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Dates Confirmed For Europe’s New Travel Rules—Here’s What To Know - Forbes

Author: Forbes

Source: https://www.forbes.com/sites/alexledsom/2023/10/30/dates-confirmed-for-europes-new-travel-rules-heres-what-to-know/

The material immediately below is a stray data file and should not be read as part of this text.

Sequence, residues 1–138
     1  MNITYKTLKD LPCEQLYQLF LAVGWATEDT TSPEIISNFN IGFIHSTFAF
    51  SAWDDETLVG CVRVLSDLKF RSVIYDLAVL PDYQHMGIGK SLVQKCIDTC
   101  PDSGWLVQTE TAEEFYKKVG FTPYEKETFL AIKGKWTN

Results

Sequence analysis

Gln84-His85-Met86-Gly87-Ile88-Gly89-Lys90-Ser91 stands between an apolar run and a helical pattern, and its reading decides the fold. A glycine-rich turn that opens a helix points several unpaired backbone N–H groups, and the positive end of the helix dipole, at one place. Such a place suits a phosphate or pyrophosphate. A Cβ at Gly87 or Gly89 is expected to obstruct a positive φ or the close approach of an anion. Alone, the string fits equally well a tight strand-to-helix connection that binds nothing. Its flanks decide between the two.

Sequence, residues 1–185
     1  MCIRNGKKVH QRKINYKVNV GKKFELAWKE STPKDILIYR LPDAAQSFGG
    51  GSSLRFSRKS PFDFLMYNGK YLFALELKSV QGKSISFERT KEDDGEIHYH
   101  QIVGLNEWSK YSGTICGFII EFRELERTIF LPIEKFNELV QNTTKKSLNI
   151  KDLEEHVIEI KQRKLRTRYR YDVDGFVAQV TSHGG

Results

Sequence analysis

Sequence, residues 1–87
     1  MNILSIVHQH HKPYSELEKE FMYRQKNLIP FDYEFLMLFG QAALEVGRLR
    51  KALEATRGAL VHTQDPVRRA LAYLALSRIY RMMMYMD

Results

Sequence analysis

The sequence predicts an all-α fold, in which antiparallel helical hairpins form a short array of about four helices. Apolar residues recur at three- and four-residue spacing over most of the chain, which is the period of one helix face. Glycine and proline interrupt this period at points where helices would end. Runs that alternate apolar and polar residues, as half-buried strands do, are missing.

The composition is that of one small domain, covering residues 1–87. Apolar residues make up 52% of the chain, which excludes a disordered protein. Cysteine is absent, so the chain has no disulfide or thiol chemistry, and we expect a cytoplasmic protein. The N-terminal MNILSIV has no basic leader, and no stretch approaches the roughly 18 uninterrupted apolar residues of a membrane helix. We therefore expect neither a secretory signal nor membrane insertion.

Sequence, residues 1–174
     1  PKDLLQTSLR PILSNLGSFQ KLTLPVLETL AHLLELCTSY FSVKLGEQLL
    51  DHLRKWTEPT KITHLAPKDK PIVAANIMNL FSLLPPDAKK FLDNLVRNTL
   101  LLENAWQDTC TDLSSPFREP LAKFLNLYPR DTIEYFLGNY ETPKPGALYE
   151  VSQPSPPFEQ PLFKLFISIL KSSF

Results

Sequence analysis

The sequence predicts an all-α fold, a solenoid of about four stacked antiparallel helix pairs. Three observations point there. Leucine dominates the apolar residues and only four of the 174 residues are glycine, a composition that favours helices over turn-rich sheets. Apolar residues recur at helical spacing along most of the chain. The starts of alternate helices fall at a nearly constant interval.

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Europe's border system is changing—here's what to know about the new Entry and Exit Scheme and ETIASgettyThe rules for most people entering Europe who don't have an EU passport are changing and after several delays, the EU has confirmed when and how they will roll out the two new border controls that will impact travelers arriving into the Schengen area from 2024 onwards.The changes effectively involve the installation of automatic gates that will record the biometric data of anyone passing through an external EU border (the Entry and Exit Scheme) and the registration of anyone without an EU passport, who doesn't need a visa, before they arrive (ETIAS).Both are explained in detail below.The new EU Entry and Exit System—operational in 2024Europe's new Entry/Exit System (EES) is the first major change and it has been confirmed that it will become operational during the second half of 2024, as confirmed by the EU Home Affairs Council in Luxembourg.Up to now, most countries stamp passports as people carrying non-EU passports enter but the process will now be automated by passing through barriers that identify you through biometric data—your fingerprints and faces will be scanned as you pass through electronic gates.The aim is to decrease the time it takes to pass through external EU borders and to keep a firmer control on how long people stay inside the EU/Schengen area.The new EES will be used by 29 European countries: Austria, Belgium, Bulgaria, Croatia, Czech Republic, Denmark, Estonia, Finland, France, Germany, Greece, Hungary, Iceland, Italy, Latvia, Lichtenstein, Lithuania, Luxembourg, Malta, Netherlands, Norway, Poland, Portugal, Romania, Slovakia, Slovenia, Spain, Sweden, and Switzerland.In Cyprus and Ireland, passports will still be stamped manually.What's more, anyone traveling to and from Bulgaria and Romania should be aware that the rules are a little different as neither country issues a Schengen visa.The EU has also confirmed the data that it will collect each time a traveler passes through one of its external border gates: the data listed in your travel document, such as your name and date of birth.the date and place of entry into and exit from a European country using the EES.your facial image and fingerprints (called ‘biometric data’). any previous refusal of entry.The new EES is applicable to anyone traveling on a short-stay visa and those who don't need a visa to travel.It is also relevant for anyone on a non-EU passport who is intending to stay for the 90-day period allowed within a 180-day period—and crucially, this 90 days is relevant even if you travel to and from different EU countries during this time.The ETIAS—operational in spring 2025The European Travel Information and Authorisation System (ETIAS) is a new scheme that requires all visitors traveling to Europe—who do not require a visa—to register beforehand, much like the U.S.ESTA scheme.It is not a visa but just a pre-authorization to travel and is now expected to be operational by spring 2025.It will have an impact on people visiting Europe from over 60 countries—where visas are not required.If you are unsure if you will need to register, you can check this list of the 60 plus countries here. They include the U.S., Canada and the U.K.The ETIAS scheme will be used by 30 European countries: Austria, Belgium, Bulgaria, Croatia, Cyprus, Czech Republic, Denmark, Estonia, Finland, France, Germany, Greece, Hungary, Iceland, Italy, Latvia, Lichtenstein, Lithuania, Luxembourg, Malta, Netherlands, Norway, Poland, Portugal, Romania, Slovakia, Slovenia, Spain, Sweden, and Switzerland.Travelers under 18 and over 70 will be exempt from payment, which for everyone else is expected to be $7.The right to enter will last 3 years, after which time, travelers must reapply.Both schemes were supposed to be introduced earlier but technical issues slowed down the roll out and France asked the EU, after these delays, to put back the roll out until after the Olympic Games in summer 2024, as evidently it isn't a great idea to change the way that travelers enter Europe just before one million extra people are expected to arrive in Paris.The new deadline fulfils the conclusions of a recent study into the possible decoupling of both schemes conducted by a Belgian delegation.

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